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The summary below was written by the Congressional Research Service, which is a nonpartisan division of the Library of Congress, and was published on Jul 26, 2017.
American Business for American Companies Act of 2017
This bill prohibits an executive agency from awarding a contract for the procurement of property or services (including a defense contract) to: (1) any foreign incorporated entity determined to be an inverted domestic corporation or any subsidiary of such entity, or (2) any joint venture more than 10% of which is held by such an entity or subsidiary.
Each agency must include in each such contract awarded with a value in excess of $10 million, other than a contract for exclusively commercial items, a clause that prohibits the prime contractor from: (1) awarding a first-tier subcontract with a value greater than 10% of the total prime contract to such an entity or joint venture, or (2) structuring subcontract tiers enabling such entity or joint venture to perform more than 10% of the total value of the prime contract.
An agency may waive such requirements for a contract: (1) in the interest of national security, or (2) if necessary for the efficient or effective administration of federal or federally funded programs that provide health benefits to individuals or public health programs. The bill provides for termination of a contract or suspension or debarment of a contractor in violation of this bill.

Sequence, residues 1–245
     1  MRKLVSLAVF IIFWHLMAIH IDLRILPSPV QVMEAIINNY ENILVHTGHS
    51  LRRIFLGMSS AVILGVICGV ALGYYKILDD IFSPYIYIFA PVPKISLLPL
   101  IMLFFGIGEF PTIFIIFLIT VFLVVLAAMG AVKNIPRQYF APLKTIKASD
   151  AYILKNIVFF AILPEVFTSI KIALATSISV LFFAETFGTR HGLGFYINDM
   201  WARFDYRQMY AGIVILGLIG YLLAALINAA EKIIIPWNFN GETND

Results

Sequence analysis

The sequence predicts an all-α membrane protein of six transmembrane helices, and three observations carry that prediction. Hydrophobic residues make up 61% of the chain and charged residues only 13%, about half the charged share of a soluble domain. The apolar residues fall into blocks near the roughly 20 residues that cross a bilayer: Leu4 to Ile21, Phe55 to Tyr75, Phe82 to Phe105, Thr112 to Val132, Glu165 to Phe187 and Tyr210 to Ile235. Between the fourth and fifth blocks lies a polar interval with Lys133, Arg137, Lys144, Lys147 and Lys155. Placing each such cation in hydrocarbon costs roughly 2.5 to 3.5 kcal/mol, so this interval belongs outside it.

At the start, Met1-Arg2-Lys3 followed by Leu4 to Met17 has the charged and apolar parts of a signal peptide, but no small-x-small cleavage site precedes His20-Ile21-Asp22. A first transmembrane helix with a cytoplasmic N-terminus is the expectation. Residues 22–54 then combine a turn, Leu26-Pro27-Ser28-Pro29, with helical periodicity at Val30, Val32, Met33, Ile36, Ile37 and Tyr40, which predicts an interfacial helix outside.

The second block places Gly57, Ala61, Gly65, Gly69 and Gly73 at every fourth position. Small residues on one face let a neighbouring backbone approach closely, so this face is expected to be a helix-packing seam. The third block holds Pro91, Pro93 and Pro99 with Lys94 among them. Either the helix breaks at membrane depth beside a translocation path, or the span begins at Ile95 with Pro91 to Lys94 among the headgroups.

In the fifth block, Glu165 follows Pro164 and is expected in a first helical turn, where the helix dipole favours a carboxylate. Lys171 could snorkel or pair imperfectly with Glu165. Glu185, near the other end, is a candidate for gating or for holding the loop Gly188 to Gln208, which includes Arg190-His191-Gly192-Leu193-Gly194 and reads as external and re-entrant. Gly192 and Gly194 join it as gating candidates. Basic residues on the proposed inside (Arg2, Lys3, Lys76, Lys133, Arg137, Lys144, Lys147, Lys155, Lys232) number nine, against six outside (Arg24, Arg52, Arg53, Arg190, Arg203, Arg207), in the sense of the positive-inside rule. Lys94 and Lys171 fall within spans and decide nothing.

A foreign incorporated entity must be treated as an inverted domestic corporation if: (1) the entity acquires, on or after May 8, 2014, substantially all of the properties held by a domestic corporation or substantially all of the assets of, or substantially all of the properties constituting a trade or business of, a domestic partnership; and (2) after the acquisition, either more than 50% of the stock of the entity is held by former shareholders of the domestic corporation or former partners of the domestic partnership, or the management and control of the expanded affiliated group which includes the entity occurs primarily within the United States and such expanded affiliated group has significant domestic business activities. The bill: (1) sets forth an exception for an entity within an expanded affiliated group with substantial business activities in the foreign country in which the entity is created, and (2) requires the Department of the Treasury to prescribe regulations for determining cases in which the management and control of an expanded affiliated group is to be treated as occurring primarily within the United States.